A secret number issued to a cellular phone that is used in conjunction with a subscriber’s shared secret data information for authentication.

A/B Switch

A feature found on cellular telephones permitting the user (when roaming away from home) to select either the “A” (non-wireline) carrier or the “B” (wireline) carrier.

Access Fee

A special fee that local telephone companies are allowed to charge all telephone customers for the right to connect with the local phone network. Cellular subscribers pay this fee along with a 3 percent federal telephone excise tax.

Access Line

A telephone line reaching from the telephone company central office to a point on a private premise. Usually equates to one customer line.

Adjacent Channel Interference

Signal impairment to one frequency due to presence of another signal on a nearby frequency.

Advanced Intelligent Network (AIN)

A system that allows a wireless user to make and receive phone calls while roaming in areas outside the user’s “home” network. AINs enable service providers to define, test and introduce new multimedia messaging, PCS and cell routing.

Advanced Mobile Phone Service (AMPS)

An analog cellular radio standard that serves as the foundation for the U.S. cellular industry. AMPS represents the first generation of wireless networks.


Companies that assist carriers with building a wireless network. The affiliate may use the primary carrier’s brand name, network operations, customer service or other facilities.

Air Interface

The standard operating system of a wireless network. Technologies include AMPS, TDMA, CDMA and GSM.


Actual time spent talking on the cellular telephone. Most carriers bill customers based on how many minutes of airtime they use each month. Airtime charges during peak periods of the day vary from about 20 cents to more than 40 cents per minute, depending on the service plan selected. Most carriers offer reduced rates for off-peak usage.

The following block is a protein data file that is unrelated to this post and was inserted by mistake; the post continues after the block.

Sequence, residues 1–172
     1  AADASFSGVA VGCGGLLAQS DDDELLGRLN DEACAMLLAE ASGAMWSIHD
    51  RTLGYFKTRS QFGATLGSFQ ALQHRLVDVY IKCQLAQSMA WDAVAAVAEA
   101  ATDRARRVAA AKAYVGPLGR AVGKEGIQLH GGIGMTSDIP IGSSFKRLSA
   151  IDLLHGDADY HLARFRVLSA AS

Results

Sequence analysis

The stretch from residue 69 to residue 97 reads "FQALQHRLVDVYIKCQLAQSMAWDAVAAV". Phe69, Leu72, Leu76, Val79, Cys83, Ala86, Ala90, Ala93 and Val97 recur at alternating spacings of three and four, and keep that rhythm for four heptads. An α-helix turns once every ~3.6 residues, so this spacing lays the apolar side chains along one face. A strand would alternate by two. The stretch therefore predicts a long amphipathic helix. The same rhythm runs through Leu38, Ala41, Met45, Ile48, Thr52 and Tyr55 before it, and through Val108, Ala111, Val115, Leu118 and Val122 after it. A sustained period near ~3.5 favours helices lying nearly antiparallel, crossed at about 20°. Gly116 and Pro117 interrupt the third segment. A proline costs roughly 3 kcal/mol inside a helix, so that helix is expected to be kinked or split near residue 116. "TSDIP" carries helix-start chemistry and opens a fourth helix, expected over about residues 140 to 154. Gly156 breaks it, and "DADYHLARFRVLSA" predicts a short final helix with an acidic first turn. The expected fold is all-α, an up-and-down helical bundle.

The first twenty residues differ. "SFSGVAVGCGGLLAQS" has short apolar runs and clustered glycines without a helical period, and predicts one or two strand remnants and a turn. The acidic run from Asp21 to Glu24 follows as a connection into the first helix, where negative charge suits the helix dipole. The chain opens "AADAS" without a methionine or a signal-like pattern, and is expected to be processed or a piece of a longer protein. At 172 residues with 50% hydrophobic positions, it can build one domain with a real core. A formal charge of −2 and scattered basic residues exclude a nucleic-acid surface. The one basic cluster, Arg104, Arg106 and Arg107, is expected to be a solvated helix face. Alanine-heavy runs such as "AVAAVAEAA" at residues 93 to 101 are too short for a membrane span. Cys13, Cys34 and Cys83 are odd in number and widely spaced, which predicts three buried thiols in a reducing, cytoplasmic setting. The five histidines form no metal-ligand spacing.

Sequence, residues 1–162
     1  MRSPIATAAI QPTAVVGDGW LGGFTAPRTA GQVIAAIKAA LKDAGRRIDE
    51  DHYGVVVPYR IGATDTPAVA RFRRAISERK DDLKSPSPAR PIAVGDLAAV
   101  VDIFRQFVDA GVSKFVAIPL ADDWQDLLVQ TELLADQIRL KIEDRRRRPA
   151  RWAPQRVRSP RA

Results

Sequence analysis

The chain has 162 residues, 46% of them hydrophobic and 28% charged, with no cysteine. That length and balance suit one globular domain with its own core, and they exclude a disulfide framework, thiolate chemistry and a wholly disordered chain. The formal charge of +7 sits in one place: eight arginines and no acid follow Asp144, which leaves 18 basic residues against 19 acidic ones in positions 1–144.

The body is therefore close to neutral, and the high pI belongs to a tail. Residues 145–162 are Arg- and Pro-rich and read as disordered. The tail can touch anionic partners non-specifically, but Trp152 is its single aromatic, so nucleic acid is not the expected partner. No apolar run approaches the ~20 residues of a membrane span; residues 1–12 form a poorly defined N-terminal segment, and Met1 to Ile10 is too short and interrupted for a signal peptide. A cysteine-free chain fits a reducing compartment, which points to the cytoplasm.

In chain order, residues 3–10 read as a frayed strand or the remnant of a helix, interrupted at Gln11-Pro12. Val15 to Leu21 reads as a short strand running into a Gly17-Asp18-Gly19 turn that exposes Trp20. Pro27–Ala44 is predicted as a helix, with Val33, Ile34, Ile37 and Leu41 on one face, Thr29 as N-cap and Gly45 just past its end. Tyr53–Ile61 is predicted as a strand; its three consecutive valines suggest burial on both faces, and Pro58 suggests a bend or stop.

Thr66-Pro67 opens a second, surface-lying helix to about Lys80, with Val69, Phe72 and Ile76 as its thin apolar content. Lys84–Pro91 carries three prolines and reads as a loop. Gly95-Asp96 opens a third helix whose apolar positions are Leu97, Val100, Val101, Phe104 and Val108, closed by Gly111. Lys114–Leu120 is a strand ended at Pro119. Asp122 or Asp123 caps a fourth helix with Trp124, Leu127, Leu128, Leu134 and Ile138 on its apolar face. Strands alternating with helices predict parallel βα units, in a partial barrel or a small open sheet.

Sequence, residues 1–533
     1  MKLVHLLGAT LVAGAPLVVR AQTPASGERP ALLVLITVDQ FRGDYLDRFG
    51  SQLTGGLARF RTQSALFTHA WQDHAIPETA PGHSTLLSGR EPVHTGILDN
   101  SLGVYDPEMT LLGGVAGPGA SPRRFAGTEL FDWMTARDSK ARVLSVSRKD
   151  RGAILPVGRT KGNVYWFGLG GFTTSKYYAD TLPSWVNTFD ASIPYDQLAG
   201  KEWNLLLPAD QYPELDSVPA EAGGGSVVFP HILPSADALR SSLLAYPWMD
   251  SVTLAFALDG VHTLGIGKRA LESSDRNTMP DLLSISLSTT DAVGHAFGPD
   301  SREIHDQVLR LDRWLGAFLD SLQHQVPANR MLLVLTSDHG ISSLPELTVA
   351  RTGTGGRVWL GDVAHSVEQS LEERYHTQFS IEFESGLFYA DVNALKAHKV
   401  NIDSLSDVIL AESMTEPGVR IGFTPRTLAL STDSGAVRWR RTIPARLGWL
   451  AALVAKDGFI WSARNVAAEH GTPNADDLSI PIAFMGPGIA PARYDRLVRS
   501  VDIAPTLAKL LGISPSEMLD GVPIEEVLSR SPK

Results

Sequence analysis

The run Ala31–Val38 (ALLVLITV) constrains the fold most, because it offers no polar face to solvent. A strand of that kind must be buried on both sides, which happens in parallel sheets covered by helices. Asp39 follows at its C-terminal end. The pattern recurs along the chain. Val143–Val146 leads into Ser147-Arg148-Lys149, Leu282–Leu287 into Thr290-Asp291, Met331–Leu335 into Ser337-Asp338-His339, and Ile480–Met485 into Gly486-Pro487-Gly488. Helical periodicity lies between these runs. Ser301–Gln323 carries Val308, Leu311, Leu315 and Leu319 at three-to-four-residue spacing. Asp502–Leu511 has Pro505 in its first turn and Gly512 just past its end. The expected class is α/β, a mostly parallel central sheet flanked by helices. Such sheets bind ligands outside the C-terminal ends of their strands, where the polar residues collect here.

A message or other type of readout containing both letters (“alphas”) and numbers (“numerics”). In cellular, “alphanumeric memory dial” is a special type of dial-from-memory option that displays both the name of the individual and that individual’s phone number on the cellular phone handset. The name also can be recalled by using the letters on the phone keypad. By contrast, standard memory dial recalls numbers from number-only locations.

American Mobile Telecommunications Association (AMTA)

A Washington, D.C.-based trade group representing specialized mobile radio operators.

American National Standards Institute (ANSI)

A private, non-profit organization that oversees the U.S. voluntary standardization and conformity assessment system. The Institute’s mission is to enhance both the global competitiveness of U.S. business and the U.S. quality of life by promoting and facilitating voluntary consensus standards and conformity assessment systems, and safeguarding their integrity.


A signaling method that uses continuous changes in the amplitude or frequency of a radio transmission to convey information. It relies on a continuous (rather than pulsed as in digital) electrical signal that varies in amplitude or frequency in response to changes of sound, light, position, etc., impressed on a transducer in the sending device; opposite of digital.


A wire or set of wires used to send and receive radio waves.

Application-Specific Integrated Circuit (ASIC)

An integrated circuit tailored for a particular piece of electronic equipment.

Association of Public-Safety Communications Officials-International (APCO)